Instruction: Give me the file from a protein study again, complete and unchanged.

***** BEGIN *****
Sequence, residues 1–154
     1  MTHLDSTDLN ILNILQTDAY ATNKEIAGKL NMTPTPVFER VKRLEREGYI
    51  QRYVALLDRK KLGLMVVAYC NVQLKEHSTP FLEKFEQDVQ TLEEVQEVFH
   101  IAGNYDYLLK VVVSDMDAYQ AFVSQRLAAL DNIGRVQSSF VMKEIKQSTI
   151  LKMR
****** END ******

Sequence, residues 1–154
     1  MTHLDSTDLN ILNILQTDAY ATNKEIAGKL NMTPTPVFER VKRLEREGYI
    51  QRYVALLDRK KLGLMVVAYC NVQLKEHSTP FLEKFEQDVQ TLEEVQEVFH
   101  IAGNYDYLLK VVVSDMDAYQ AFVSQRLAAL DNIGRVQSSF VMKEIKQSTI
   151  LKMR